- The Washington Times - Thursday, September 18, 2014

The Obama administration moved Thursday to provide more money and nonlethal military aid to Ukraine to battle back separatists bolstered by Russian forces and supplies, but stopped short of sending the heavy weaponry that Kiev’s security forces say they need urgently.

President Obama said he would be giving Ukraine a new $53 million support package, $7 million of which would go toward international relief organizations providing conflict relief in eastern Ukraine. Another $46 million in security assistance would support Ukraine’s military and border guards, according to a White House statement.

Ukrainian President Petro Poroshenko made clear during a joint meeting of Congress Thursday morning that the administration’s promise of additional financial support is welcome, but lethal weaponry remains a high priority for Ukraine security forces.

To date, the United States has given Ukraine solely nonlethal equipment, such as pre-packaged meals, first aid kits, radios, uniform clothing, sleeping mats, helmets, explosive ordinance disposal robots and body armor, Pentagon spokeswoman Eileen Lainez said. Additional items, such as night-vision goggles and thermal imagery equipment will be en route to the former Soviet bloc country in the coming weeks, Ms. Lainez said.

But that is not enough, Mr. Poroshenko told U.S. lawmakers.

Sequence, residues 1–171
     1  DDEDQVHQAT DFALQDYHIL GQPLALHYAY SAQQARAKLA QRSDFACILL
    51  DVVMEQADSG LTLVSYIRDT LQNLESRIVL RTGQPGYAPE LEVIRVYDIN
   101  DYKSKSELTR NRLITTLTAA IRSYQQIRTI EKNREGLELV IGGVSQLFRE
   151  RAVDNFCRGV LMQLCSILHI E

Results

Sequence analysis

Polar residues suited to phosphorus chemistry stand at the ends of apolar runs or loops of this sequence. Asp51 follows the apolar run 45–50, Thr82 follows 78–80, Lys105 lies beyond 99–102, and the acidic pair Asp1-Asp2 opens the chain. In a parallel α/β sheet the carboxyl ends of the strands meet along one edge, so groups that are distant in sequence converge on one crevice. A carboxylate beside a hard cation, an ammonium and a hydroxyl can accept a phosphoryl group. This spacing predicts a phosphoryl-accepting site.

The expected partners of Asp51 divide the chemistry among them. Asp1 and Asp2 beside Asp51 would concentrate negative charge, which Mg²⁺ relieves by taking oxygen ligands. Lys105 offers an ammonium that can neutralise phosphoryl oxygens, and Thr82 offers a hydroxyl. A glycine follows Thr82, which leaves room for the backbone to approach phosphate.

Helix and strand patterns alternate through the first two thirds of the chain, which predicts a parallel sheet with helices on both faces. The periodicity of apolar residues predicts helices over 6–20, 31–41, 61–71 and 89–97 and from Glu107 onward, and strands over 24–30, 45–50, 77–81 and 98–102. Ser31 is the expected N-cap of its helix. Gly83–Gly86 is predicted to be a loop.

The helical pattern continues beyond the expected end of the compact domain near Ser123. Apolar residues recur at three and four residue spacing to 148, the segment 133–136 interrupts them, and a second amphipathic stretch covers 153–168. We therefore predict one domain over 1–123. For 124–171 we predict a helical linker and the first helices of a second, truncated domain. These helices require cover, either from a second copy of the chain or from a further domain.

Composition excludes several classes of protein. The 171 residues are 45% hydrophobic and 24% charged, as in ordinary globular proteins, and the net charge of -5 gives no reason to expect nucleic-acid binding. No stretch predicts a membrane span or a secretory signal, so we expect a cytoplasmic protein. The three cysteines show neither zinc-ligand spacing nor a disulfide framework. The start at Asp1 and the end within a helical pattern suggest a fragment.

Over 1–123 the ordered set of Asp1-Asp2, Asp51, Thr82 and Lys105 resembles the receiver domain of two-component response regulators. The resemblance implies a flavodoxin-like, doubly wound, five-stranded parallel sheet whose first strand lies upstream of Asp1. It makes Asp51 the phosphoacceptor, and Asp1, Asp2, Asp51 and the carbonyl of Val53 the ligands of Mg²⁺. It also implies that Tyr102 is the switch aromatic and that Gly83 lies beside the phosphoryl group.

“Please understand me, blankets and night vision goggles are also important, but one cannot win the war with blankets,” he said.

The new funding and support comes as Ukraine is caught in a tenuous cease fire with the Russian-backed rebels, with whom the country’s forces have been fighting since early spring. Despite the Sept. 5 cease fire, Ukrainian security forces and separatists have continued to exchange fire in the southeast portion of the country.

The ongoing violence has prompted Mr. Poroshenko to forge a new economic and political pact with the European Union and drum up Western support. On Thursday, Mr. Poroshenko was expected to continue that mission, with a trip to the White House planned to discuss his country’s plight with Mr. Obama.

The Ukrainian president’s trip to Washington is just one of many new and bold diplomatic efforts that the new Ukraine administration is undertaking to strengthen ties with allies, said Steven Pifer, former ambassador to Ukraine and director of the Brookings Institution’s Arms Control and Non-Proliferation Initiative.

Mr. Pifer said that while the Obama administration has been hesitant to provide weapons to Ukraine because it doesn’t want to inadvertently exacerbate the already hostile situation, some officials option have implied the option is still on the table.

“There is a very strong argument to be made for providing Ukraine lethal military assistance now. What I’m told is that the administration has not ruled it out … that there’s still a discussion going on,” he said.

White House spokesman Josh Earnest indicated Wednesday that Mr. Poroshenko’s historic visit to the United States would be “a pretty clear symbol” to the people of Ukraine that the United States is prepared to stand with them in their struggle to maintain sovereignty.

“The picture of President Poroshenko sitting in the Oval Office will be worth at least a thousand words, both in English and in Russian, I think,” he said.

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